Tuesday, September 14th 2010
A Danish study has called for the popular anti-inflammatory drug Voltaren to be sold only with a prescription, claiming the drug increases the likelihood of users suffering strokes.
The findings were presented to the European Society of Cardiology 2010 Congress in Stockholm, Sweden by Dr Gunnar Gislason last month.
The study claims that using diclofenac, marketed in New Zealand as Voltaren, increases the chance of those not thought to be at risk of suffering strokes by 86 per cent.
It also said there's a higher risk of stroke for those taking high doses of ibuprofen, which is in the painkiller Nurofen.
The eight-year study, which involved more than 2.5 million healthy Danes, said care needed to be taken when patients were using non-steroidal anti-inflammatory drugs, in particular rofecoxib and diclofenac.
The study recommended the over-the-counter sale of these drugs should be reassessed.
Neurologist and stroke expert Professor Valery Feigin told 3 News the painkillers should be banned.
"I would think these studies [would be] the last nail in the coffin for these types of medication," he said.
"I seriously would not recommend this medication to anyone."
A spokesman for Novartis, which makes Voltaren, sent out a statement which said the company was aware of the study but did not believe "it changes the benefit to risk assessment for diclofenac when used as directed".
"Diclofenac should be used at the lowest possible dose for the shortest duration of time, in keeping with advice provided to prescribers in the approved product information," said the statement.
"Novartis maintains a robust drug safety monitoring process for all its medicines, the data from which is shared with regulatory authorities on a regular basis. Novartis will continue to work with regulatory authorities to monitor and analyse research related to our medicines to ensure the information provided to both doctors and patients is consistent with current scientific knowledge."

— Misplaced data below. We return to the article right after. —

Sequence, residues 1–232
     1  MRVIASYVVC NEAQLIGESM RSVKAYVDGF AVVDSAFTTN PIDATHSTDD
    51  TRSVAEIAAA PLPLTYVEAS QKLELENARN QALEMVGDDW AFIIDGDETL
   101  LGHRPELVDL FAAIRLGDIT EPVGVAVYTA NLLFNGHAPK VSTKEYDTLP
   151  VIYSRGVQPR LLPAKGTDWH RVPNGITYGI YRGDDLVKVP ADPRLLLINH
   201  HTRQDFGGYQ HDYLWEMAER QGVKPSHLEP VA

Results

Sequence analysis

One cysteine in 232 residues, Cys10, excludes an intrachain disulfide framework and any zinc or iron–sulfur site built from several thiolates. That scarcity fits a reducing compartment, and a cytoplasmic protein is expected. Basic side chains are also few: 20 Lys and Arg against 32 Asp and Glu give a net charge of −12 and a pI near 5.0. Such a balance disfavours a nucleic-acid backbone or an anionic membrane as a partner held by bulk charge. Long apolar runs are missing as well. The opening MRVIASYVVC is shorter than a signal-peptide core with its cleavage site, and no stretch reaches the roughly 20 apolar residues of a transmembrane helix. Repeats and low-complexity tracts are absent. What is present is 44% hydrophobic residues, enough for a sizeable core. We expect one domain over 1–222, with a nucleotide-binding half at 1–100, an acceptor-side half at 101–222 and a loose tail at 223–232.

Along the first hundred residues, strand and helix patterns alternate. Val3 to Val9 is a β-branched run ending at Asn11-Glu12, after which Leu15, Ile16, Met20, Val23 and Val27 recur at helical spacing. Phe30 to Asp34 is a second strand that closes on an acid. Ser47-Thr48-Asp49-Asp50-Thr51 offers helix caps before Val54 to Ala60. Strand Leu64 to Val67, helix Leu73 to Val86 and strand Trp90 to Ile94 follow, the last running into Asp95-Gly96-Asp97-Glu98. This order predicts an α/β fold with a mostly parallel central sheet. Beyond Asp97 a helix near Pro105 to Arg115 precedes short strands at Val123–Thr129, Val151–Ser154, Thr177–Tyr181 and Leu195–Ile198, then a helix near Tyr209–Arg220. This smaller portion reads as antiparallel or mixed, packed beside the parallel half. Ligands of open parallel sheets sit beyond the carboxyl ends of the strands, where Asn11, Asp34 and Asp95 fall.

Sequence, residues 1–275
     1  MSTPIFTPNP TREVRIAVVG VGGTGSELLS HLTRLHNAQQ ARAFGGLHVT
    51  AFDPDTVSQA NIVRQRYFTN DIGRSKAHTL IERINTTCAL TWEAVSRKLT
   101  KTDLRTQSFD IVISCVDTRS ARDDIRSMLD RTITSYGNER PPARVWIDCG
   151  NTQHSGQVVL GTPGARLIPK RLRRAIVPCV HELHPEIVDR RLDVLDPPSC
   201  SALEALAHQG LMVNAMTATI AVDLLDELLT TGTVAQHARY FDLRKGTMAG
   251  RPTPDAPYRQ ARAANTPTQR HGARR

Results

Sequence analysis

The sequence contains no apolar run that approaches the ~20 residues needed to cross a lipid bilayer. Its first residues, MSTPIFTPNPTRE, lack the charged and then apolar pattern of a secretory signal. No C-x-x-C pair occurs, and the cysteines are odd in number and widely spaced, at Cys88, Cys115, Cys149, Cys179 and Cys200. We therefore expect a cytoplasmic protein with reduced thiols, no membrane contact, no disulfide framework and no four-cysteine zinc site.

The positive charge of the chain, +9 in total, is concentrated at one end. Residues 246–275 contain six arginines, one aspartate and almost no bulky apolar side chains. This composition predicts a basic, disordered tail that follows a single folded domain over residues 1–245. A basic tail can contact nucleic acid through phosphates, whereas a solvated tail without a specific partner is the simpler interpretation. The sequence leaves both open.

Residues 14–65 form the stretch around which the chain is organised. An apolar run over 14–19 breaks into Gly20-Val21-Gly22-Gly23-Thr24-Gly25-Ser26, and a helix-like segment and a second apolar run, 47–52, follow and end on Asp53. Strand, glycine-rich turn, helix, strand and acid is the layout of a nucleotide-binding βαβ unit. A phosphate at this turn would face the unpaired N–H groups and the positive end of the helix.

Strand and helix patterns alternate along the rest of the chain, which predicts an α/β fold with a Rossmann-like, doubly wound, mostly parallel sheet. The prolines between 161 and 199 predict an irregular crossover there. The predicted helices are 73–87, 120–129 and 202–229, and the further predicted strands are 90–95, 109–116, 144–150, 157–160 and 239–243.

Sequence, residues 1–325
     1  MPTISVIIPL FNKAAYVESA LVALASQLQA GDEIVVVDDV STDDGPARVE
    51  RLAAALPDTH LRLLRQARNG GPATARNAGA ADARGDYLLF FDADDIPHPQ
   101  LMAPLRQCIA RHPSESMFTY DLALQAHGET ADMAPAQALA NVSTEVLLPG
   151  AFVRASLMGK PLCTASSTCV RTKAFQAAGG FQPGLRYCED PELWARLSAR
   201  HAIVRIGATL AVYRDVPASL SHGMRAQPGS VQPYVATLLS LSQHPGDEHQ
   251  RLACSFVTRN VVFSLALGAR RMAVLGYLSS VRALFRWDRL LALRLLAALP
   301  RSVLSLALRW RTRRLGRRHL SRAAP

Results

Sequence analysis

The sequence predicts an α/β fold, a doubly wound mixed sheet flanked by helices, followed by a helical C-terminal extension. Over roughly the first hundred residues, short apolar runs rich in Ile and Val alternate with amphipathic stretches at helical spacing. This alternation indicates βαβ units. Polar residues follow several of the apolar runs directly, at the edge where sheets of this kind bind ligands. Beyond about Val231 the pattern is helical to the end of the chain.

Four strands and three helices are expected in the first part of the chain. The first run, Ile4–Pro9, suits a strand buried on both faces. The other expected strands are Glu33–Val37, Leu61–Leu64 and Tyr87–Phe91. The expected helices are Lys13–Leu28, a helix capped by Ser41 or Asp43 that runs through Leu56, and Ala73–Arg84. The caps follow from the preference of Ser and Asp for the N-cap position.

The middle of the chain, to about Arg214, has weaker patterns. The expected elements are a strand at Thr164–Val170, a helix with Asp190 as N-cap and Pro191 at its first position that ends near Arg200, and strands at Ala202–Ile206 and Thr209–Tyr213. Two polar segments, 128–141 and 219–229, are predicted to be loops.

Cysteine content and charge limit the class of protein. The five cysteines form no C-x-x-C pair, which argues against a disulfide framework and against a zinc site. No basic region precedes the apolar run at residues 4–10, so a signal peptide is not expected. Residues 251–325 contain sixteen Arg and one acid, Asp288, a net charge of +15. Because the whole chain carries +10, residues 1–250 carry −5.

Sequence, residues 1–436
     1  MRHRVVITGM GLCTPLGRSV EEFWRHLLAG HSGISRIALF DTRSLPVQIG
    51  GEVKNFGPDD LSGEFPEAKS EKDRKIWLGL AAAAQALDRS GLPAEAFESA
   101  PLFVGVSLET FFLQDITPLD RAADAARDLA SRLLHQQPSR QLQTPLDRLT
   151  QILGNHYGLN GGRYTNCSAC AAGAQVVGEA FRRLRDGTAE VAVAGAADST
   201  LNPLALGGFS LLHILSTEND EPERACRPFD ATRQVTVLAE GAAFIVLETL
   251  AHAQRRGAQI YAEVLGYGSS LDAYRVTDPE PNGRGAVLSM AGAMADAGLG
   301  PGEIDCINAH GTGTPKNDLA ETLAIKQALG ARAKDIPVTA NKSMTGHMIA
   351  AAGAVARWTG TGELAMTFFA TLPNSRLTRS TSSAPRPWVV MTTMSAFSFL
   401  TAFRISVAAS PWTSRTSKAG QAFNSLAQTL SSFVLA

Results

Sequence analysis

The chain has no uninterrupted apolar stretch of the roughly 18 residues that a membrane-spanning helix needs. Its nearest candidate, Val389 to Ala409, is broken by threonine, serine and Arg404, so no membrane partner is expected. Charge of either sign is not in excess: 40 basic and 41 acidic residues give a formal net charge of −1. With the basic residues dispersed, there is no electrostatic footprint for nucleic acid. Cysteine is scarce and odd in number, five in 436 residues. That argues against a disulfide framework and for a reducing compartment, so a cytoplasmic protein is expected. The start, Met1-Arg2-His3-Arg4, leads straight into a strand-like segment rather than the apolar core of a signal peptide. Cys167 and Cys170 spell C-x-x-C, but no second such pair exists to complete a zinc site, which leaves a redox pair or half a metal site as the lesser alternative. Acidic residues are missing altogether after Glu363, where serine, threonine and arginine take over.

Ministry of Health senior adviser Susan Kenyon told Radio New Zealand the risk was already well-known, and Medsafe currently recommends that patients use the lowest effective dose of the drugs for the shortest possible time.
Dr Kenyon said Ministry data showed heart attacks, rather than strokes, were a more likely complication from diclofenac and ibuprofen use.
By Paul Harper NZ Herald
If you need help or advice, you are welcome to email our naturopathic team with your health question.
Disclaimer: The health information presented here has been written for the New Zealand health consumer. It is of a general nature and is only intended to provide a summary of the subjects covered. The information is not intended to be comprehensive or to provide medical advice to you. While all care has been taken to ensure the accuracy of the information, no responsibility or liability is accepted, and no person should act in reliance on any statement contained in the information provided. All health ailments should be treated by a qualified health professional.
Win a $25 shopping voucher
Make a personal invitation....
to visit healthyonline